In the old days, when an album (Yes, I’m old. Sue me.) came out, the album would have “liner notes” – descriptions, song-by-song, written by a friend or a critic who was also a friend. These lined the vinyl as a sleeve and protected it from the rough cardboard that was the album cover. I thought I’d give it a try with my sister’s first CD – but not just because it’s my sister’s, because it’s good and she deserves a wider stage for the music on this album.
(My credentials – I did college radio for two years, had a license to be a DJ for awhile, worked a third year at a college radio station in Geneva, NY, loved music and still do. Oh, and the most widely read blog piece I’ve written is about the top 100 songs of all time. It’s not much, but it’ll have to do for now.) So here goes.
My thought, when I first heard the album, was where did this girl come from?! You know how you know somebody, but they have a secret part of their personality that you never knew about? That’s Beebs. I know her, but apparently I don’t. How does a white girl from the Space Coast of Florida get so funky? Where does a white girl hear a Hammond B-3 (here played by D. Mahler) ? The superhero stuff on the cover and in the video for one of the tracks “Handout”, seems appropriate because the music on this thing is from another planet. In a world of pop crap and electronic dance music, “Welcome to Barter Town” is like nothing else out there. It’s a tight, musical band putting out a variety of genres, each with equal levels of skill. In others words, it’s music – all kinds of music – performed by musicians.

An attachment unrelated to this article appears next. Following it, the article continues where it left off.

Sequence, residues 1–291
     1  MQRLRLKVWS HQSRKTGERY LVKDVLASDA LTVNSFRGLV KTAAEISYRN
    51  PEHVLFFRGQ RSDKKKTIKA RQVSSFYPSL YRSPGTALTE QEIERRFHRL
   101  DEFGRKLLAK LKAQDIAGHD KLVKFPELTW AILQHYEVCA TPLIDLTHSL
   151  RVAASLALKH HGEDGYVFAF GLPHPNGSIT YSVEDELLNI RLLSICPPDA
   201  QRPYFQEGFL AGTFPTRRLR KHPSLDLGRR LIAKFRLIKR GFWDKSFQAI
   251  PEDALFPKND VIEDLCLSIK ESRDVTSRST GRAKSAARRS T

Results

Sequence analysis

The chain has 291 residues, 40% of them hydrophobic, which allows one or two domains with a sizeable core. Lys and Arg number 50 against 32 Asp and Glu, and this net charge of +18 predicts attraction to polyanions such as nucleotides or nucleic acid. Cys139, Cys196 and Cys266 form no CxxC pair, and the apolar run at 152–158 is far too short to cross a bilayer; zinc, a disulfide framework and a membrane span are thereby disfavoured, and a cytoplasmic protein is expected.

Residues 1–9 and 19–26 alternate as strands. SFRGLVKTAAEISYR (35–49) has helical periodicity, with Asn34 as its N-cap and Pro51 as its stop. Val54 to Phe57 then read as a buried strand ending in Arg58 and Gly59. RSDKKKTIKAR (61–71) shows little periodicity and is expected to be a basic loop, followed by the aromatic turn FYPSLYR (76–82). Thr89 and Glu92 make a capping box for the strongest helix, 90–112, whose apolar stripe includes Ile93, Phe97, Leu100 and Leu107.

The first track on the CD – Ms. Captain Kangaroo — draws from Beebs’ inner Janis Joplin while the guitar and song melts like it’s on LSD, making your head hurt This turns into some type of equal parts country and 70’s rock to sooth its way back, before the melting returns, all the while the drummer (Jeff Carruth) plays this punchy beat that pops, highlighting the tightness of the band.
Next up is “Voices”, which starts with a funky, funky beat and Beebs’ singing about voices in her head, telling her she wants to live. The bright horns highlight the mood while tough-sounding rap comes in and also sings a message worth hearing about the world and purpose. The sax player kicks it and the whole thing comes off like a song should– indebted to the song, rather than any individual ego. Everyone shines and the song makes its own statement– that “musical” thing happens again.
Next up is the song from the video, “Hand Out”. While the video features 1960’s “Batman”- esque, “Biff”s and “Pow”s immediately endearing itself to my whole family, the song is a ska rave-up. You’d have to know here that I don’t like ska. At least on this side of the pond, it’s usually white surfer conservative Christians full of themselves trying to sound tough to their peers in California or Florida – vapid and tough, two of my least favorite stances. Having said that, Beebs’ solo on kazoo sets this song apart, and – again – the musicality, the tightness of the band, the wildness of the video, separates this song from the pack that I usually associate with American Ska.